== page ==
The Editors’ Code expects corrections and adjudications to be published somewhere proportionate to the original article and the original breach of the Code. When IPSO orders a correction or an adjudication, the Complaints Committee decides where it should appear. 

This is a common-sense approach does not necessarily mean that something has to be published on the same page as the original article, as there will be a number of factors to consider in each case including: the gravity of the error, the speed with which it has been addressed by the publication and whether the newspaper has a designated corrections column. 

Yes. IPSO’s services are totally free and require no legal representation or specialist knowledge of the media. Although people in the public eye can and do complain to us too, the vast majority of complainants are ordinary members of the public.

No. If you would like help in making a complaint we will be happy to assist wherever possible.

Making a complaint to IPSO is free.

IPSO has no formal powers to negotiate compensation on behalf of complainants. If you are seeking money, you may need to take legal advice.

However, IPSO runs a low cost arbitration scheme separate from its complaints process for people making legal claims. You can win up to £60,000. Find more information here.

Each case is different so it will depend on how complex the issues are. If a complaint raises a possible breach of the Editors’ Code and is investigated and goes to the Complaints Committee for a decision this can take anything between 3 to 6 months. Very occasionally it may take longer. However, many complaints are resolved much more quickly than that.

If a complaint does not raise a possible breach of the Editors’ Code or is outside of IPSO’s remit then we aim to let you know within 15 days, although this may be affected by how many complaints we are receiving.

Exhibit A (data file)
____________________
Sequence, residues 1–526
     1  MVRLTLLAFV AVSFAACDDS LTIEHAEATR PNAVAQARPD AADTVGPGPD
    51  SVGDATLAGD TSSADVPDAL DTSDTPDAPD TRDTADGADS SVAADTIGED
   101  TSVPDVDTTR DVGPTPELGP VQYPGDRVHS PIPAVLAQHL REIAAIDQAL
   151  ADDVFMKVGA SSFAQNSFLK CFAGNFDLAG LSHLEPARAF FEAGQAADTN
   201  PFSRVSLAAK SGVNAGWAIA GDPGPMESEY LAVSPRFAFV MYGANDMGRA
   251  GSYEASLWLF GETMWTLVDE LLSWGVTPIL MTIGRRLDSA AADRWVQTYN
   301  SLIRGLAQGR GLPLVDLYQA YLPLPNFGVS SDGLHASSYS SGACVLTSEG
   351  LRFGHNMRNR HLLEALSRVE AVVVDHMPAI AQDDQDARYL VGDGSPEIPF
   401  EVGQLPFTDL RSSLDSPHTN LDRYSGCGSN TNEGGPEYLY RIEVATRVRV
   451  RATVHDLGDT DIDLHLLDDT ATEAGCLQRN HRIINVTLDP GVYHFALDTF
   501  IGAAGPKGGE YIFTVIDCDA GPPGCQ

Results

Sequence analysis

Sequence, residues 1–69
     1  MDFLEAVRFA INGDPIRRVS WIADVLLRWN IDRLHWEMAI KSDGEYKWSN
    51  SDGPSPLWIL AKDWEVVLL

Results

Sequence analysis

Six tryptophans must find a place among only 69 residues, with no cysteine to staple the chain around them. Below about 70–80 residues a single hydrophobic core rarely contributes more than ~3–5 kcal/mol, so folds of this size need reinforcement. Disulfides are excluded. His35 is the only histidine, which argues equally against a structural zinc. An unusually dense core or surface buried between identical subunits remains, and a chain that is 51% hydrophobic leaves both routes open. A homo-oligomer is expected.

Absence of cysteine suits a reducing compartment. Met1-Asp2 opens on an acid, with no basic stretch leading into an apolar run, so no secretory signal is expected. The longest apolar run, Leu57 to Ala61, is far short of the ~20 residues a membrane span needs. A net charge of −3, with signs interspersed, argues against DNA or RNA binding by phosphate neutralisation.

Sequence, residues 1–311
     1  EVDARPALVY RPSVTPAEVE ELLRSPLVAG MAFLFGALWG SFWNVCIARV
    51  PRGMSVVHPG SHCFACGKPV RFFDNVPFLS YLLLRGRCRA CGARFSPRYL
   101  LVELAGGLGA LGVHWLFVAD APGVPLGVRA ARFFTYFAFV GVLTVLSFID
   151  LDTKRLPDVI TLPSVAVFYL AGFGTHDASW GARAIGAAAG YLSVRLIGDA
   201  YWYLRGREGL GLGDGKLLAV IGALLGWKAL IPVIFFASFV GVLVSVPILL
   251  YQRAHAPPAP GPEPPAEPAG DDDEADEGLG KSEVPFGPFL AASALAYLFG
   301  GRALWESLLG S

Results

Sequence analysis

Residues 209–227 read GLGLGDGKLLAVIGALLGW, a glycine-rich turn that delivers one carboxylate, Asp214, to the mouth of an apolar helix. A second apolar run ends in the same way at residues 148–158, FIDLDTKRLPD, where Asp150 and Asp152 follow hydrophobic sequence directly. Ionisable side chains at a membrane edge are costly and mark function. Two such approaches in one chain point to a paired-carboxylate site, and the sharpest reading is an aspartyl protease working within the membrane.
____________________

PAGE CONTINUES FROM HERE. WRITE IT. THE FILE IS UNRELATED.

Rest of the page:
IPSO’s Complaints Committee will not generally accept complaints more than four months after the date of publication of the article (or incident that has given rise to the complaint). It may be able to consider a complaint about material which remains published on a publication’s website, up to twelve months after the date of first publication.

IPSO provides a telephone interpretation service for complainants in over 200 languages. For more information about this service, please contact us.

You must make your complaint in writing but can do so either by post or the simplest way is using our online form. Please make sure you have included a link to the article or have attached a scanned copy of it in both cases.

IPSO staff are always happy to offer advice and can help to explain any area of the Editors’ Code and can discuss how best your complaint might be framed.

If IPSO decides the issue requires investigation, for ease and efficiency, we may chose one complainant to act as a lead complainant. They will communicate with the publication on behalf all the people who raised concerns about the same point(s).  Or we may choose to draft a summary of the complaints received to ensure that we are able to handle the issue proportionately and within a reasonable timescale. All complainants will be notified that the complaint will be handled in this way and will receive an update at the conclusion of the process.

As part of IPSO’s complaints process, names will be passed to publications so they can deal with your complaint, but both parties are expected to respect IPSO’s confidentiality rules.